There is lots of bone-headed game design like in Supreme commander 1 in many modern games and I have to wonder if anyone on the team remembers they are making VIDEOGAMES. That “it doesn’t have to be real, it has be fun”. I notice game developers going out of there way to make gameplay encumbered by fancy simulations/animations that have no relevance to the game and just get in the way of the fun.

    This often means having transports that are like portable holes. :)

  7. You could always try the approach in TF2, and allow the support units to heal units past 100% health.

  8. Indeed. Company of Heroes does that in various setups too.
    Right now I have a simple 50% off damage multiplier for all units in range, and that’s a bit hardcore, so I might need to tone down the ranges a bit. I do like the simplicity and clarity of the mechanic though, especially with a nice visual cue showing which units are being supported.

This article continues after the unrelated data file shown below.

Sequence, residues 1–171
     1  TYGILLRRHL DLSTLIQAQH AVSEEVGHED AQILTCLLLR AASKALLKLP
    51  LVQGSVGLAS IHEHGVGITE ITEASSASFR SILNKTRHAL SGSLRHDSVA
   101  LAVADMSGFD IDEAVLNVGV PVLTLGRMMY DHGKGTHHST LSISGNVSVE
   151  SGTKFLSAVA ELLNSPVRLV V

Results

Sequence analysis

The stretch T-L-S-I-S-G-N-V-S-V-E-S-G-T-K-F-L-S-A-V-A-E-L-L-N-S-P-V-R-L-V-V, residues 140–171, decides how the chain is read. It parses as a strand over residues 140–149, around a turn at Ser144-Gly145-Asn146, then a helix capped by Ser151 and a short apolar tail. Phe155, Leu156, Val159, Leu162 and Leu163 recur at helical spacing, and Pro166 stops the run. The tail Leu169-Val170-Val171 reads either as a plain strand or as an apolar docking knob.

Now I need to get the AI to prioritise shooting at effective support units, and do a ton more play balancing, as ever.

  9. Couldn’t you try the support units not so traditional support units? Such as maybe the support units could give speed boosts every now and then, in the pulse wave form.

    The pulse wave would spread out slowly from the support unit and as the pulse wave hits your units on its way, they gain a short speed boost.

    Or maybe they the support units could produce a temporary shield which can be shot down and so on. Or maybe they could give more armor at times and so on.

    There are plenty of other options too. You just need to find those source of innovation. I personally got those ideas above from Starcraft 2 Sentry unit and it evolved from there.

    Using just basic heal and repair functions feels a bit dull.